Aussie Man Trades Two Cases Of Beer To Save Unicorn Sheep From Being Slaughtered
Animals are just like humans in the sense they can be born with abnormalities or differences to what's considered the norm.
There have been documented cases of conjoined species, albinism and strange colours.
Well, it appears there's been one of these abnormal animals growing up on a farm in South Australia.
South Australian stock agent Michael Foster was shocked when he saw a one horned sheep named Joey hanging around a property. It didn't take long before Joey was being called a unicorn because of where his solo horn was placed.
The sheep was all set for the slaughterhouse until Mr Foster stepped in.
Speaking to 7 News Adelaide, Michael said: "I thought it might have been a joke to start with, but I thought, 'yeah it looks like a unicorn. I've been a stock agent for about six years and it is definitely the first time I have come across anything like it.
"To the best of our knowledge, it is the only one in Australia."
It's reported the solo horn is due to a growth abnormality, which left the other horn underdeveloped.
But what's the standard asking price for a unicorn-sheep? Well, it seems as though Michael only had to give over two cases of beer to keep the special beast alive.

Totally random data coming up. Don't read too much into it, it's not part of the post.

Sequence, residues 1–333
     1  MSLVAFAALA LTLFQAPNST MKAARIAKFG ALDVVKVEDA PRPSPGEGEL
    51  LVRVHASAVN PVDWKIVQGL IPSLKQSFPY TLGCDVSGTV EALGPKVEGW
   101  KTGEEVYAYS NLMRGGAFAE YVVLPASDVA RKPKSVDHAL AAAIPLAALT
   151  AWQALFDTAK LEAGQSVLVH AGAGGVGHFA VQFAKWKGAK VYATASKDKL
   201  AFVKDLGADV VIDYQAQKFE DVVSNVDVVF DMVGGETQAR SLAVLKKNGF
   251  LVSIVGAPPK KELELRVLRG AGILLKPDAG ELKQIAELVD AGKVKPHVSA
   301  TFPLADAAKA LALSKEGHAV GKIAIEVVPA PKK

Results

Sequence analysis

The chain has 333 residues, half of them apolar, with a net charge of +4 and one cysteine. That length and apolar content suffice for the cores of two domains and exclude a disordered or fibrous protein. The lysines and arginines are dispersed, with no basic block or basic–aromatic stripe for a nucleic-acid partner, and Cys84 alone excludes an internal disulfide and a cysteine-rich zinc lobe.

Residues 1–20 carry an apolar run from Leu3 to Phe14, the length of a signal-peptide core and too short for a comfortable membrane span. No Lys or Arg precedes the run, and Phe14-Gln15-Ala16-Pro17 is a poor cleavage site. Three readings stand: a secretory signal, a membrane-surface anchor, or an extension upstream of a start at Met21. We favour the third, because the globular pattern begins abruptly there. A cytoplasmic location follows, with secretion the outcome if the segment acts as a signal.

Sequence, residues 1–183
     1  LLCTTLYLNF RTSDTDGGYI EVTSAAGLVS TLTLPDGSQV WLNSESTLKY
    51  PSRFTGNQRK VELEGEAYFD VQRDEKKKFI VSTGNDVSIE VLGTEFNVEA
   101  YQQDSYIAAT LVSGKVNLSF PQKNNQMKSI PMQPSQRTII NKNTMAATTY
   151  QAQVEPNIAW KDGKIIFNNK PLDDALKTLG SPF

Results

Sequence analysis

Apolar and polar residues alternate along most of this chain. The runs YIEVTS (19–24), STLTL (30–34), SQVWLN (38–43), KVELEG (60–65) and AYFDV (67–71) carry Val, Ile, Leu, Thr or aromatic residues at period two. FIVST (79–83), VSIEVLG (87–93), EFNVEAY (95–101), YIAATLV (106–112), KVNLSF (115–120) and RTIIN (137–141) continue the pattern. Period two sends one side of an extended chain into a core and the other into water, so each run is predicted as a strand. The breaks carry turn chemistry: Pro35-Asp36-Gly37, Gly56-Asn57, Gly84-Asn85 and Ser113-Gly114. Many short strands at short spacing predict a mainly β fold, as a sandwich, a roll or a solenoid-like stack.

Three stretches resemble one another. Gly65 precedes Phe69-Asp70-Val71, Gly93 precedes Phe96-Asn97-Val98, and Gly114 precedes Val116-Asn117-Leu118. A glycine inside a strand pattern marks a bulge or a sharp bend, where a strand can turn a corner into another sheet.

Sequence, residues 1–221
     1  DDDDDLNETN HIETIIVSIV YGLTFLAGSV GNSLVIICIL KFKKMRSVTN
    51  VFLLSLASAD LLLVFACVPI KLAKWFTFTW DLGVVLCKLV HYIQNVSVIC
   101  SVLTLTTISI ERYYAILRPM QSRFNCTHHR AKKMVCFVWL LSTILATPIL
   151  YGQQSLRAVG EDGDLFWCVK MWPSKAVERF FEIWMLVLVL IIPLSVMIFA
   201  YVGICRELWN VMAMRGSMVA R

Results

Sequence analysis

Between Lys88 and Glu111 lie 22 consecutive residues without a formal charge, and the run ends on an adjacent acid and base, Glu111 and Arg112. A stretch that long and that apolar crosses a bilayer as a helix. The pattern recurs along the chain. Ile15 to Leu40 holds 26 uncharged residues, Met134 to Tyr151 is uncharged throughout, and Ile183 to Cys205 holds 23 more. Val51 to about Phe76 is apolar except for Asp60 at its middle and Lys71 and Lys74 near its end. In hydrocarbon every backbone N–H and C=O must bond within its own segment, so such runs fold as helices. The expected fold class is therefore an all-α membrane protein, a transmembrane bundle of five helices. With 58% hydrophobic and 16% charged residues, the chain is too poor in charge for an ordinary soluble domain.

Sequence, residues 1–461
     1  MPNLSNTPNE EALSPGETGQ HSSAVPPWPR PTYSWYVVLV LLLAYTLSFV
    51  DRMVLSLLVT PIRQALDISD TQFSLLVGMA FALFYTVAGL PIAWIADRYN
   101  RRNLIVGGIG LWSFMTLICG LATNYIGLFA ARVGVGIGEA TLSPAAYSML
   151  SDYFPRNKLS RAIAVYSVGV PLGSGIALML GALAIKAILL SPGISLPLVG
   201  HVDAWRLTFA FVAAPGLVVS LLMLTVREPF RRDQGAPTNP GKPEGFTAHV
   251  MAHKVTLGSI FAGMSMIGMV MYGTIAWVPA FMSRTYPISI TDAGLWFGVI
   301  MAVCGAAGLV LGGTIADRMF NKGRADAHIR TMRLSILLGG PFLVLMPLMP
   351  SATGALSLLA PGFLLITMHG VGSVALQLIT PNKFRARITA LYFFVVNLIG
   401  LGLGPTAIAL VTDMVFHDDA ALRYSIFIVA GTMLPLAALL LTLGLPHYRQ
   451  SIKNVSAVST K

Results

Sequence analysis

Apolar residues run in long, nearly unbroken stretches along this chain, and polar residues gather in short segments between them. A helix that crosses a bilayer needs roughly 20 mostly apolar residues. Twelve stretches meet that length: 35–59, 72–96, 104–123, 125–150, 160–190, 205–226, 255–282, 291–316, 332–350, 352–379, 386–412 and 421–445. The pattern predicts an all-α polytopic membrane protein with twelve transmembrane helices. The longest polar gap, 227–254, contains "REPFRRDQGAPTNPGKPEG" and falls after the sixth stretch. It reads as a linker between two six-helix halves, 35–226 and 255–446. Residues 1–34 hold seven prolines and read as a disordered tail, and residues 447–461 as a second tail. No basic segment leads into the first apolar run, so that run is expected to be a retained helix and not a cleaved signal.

Joey is now enjoying life and soaking up the minor fame.
"We'll break him in, take him to shows and pageants, and who knows where we can go, maybe Hollywood," Mr Foster said.
"I'm sure the kids will get a big kick out of patting a real-life unicorn, we might even do unicorn rides."
If you like weird and wonderful animals then this one might be better than Joey - although this one isn't a rare fluke.
The Malabar Giant squirrel - double the size of its grey relatives and measuring up to 36 inches from head to tail - lives deep in the forests of India, so if you're wondering if you can get one for your office, chances are it might take a while to acclimatise.
The athletic animals can leap an incredible 20 feet between trees, which really puts it into perspective when you consider how self-satisfied you feel when managing to jump over a really big puddle.
Photographer Kaushik Vijayan, 39, snapped the animals in their native habit to produce these stunning images.
Kaushik, from Kerala State, India, said: "Up until that point I had never heard about a squirrel like that or seen one. The sight was an absolute feast for my eyes.
Featured Image Credit: 7 News Adelaide